8 Ways To Encourage Reading Habits In Kids

By: Varsha Tue, 29 Sept 2020 2:29:44

8 Ways To Encourage Reading Habits in Kids

Reading is one of the most fundamental skills children need to learn to be successful.

Not only do good reading skills benefit students academically, they are also a skill required for lifelong success. Reading develops vocabulary, increases attention span, and promotes stronger analytical thinking.


The key to encouraging reading habits in kids is reading with them at home from a young age. By reading together often, your child will learn first hand the joys reading can bring, helping him or her develop a motivation to read.

However, every student learns and processes information differently. This means that some children may have a natural love of reading, and some may not.

If your child falls into the second category, don’t fret. As parents, there are many different strategies you can use to motivate your child to read.

First, it’s important to figure out why your child doesn’t like reading.

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Not every child loves to read. Some common reasons children don’t like to read include:

Your child feels like reading is a chore
Your child has difficulty reading
Your child thinks reading is boring
Your child hasn’t found the right book yet
The good news is that when you know why your child doesn’t like to read, you can address the issue and begin to make reading more enjoyable.

By learning to make reading fun, your child is more likely to develop a love of reading, encouraging better reading habits and making learning easier.

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Try these 8 easy tips to encourage good reading habits in your child by making reading fun.

1.Make reading a daily habit

From the day your newborn comes home, you can start raising a reader. Babies respond to the soothing rhythm of a voice reading aloud, as well as to being cuddled on a warm lap. If you make reading part of your daily routine, your child is likely to grow up looking forward to it.

2. Read in front of your child.

Whether you love books, magazines, or graphic novels, let your child see you reading. Kids learn from what they observe. If you’re excited about reading, your child is likely to catch your enthusiasm.

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3. Create a reading space.

Your reading space doesn’t have to be big or have a lot of bookshelves. It can be a corner of the couch or a chair in the room where your child sleeps. Picking a comfy spot that has enough light and room to keep a book or two can help your child connect reading with coziness and comfort.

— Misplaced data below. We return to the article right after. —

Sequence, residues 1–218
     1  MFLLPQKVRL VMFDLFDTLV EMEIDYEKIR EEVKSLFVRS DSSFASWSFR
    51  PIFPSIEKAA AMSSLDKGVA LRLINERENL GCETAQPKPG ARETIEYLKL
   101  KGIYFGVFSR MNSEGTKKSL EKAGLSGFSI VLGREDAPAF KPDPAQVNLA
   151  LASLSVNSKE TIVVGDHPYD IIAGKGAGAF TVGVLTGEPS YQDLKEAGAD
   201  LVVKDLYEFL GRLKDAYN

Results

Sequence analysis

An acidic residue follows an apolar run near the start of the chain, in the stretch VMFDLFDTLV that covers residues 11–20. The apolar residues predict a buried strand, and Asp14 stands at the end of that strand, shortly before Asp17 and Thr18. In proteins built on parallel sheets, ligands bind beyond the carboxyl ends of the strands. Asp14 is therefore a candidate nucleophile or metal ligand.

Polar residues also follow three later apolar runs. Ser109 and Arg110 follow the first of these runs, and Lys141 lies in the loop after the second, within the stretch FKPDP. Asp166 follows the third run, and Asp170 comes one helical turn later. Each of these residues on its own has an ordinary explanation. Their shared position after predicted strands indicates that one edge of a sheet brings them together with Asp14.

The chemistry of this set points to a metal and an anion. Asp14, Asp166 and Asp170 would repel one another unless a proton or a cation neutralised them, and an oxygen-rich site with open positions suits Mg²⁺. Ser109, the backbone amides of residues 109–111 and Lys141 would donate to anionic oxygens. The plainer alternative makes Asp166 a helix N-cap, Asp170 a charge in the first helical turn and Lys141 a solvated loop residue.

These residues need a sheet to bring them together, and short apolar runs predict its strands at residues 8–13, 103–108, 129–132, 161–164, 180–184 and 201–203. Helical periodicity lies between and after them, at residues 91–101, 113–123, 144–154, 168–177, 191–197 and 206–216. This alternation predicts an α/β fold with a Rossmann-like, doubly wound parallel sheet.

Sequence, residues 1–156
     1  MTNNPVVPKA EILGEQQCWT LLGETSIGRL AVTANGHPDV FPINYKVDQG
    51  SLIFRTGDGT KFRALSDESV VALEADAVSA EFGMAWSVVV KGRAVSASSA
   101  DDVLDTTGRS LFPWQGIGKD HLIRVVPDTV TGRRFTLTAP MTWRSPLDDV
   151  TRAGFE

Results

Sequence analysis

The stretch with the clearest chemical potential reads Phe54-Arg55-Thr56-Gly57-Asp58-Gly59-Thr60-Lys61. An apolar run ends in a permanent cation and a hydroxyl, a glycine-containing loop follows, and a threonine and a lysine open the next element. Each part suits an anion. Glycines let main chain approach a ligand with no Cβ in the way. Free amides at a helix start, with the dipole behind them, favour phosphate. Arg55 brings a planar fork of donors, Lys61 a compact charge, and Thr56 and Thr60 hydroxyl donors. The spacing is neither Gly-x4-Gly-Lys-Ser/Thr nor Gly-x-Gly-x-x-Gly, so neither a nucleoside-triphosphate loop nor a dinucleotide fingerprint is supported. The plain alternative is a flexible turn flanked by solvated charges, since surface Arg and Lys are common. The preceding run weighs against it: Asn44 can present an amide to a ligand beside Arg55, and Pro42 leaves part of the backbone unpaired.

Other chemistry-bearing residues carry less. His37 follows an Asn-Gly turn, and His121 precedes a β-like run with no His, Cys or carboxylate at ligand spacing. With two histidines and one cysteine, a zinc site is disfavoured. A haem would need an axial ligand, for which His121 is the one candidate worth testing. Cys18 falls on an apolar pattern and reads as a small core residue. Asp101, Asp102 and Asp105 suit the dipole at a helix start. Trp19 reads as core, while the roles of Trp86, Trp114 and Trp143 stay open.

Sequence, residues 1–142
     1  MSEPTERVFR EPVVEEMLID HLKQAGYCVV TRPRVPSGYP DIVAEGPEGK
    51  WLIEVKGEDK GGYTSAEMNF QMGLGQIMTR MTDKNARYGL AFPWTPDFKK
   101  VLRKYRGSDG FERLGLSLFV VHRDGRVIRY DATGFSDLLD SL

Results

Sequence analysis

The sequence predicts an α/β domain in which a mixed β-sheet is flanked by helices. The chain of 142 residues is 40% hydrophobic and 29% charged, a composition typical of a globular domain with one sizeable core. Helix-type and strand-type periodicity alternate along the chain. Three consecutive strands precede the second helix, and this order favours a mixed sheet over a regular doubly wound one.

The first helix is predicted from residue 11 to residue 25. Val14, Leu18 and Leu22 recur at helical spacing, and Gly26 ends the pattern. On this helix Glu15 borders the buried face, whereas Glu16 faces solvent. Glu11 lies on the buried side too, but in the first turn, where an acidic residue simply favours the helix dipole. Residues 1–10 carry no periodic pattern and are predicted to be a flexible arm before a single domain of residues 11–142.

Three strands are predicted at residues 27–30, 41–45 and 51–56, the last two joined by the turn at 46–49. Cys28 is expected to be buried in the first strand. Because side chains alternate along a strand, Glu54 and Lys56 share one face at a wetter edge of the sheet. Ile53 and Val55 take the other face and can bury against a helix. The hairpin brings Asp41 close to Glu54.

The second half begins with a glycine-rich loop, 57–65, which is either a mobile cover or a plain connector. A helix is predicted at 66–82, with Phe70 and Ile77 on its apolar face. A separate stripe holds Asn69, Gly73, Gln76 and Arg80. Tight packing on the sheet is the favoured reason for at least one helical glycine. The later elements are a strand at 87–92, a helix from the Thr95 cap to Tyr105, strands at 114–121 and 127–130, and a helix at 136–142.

4. Take trips to the library.

The library is a great place to explore new books and authors for free. Many libraries also have story hours or other literacy programs for kids. Trips to the library give your child a chance to develop good reading habits and to see other kids doing the same thing.

5. Let your child pick what to read.

That trip to the library can be extra special when you give your child time to look around and explore. Kids are more likely to want to read something they pick out themselves. If you’re concerned about finding the right reading level or topic, give your child a section of books to choose from.

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6. Find reading moments in everyday life.

Reading isn’t just about sitting down with a good book. It’s a part of daily life, too. As you go through your day, help your child keep an eye out for “reading moments.” They may be as simple as reading road signs, grocery lists, or recipes.

7. Re-read favorite books.

You might get tired of reading the same story over and over again, but your child may love it. Kids like to spot things they missed the first time in the story or in the pictures. Re-reading also gives them a chance to connect the words they see on the page with the words they hear. Eventually, your child might even start reading the book to you.

8. Learn more about how kids read.

You may not be a teacher, but you are your child’s first teacher. Knowing a little bit about what reading skills to expect at different ages can help you support your child’s reading.


Use these tips to get your child interested in reading so he or she can become an even better learner. With a little focus and direction, you can help give your child the reading boost he or she needs.

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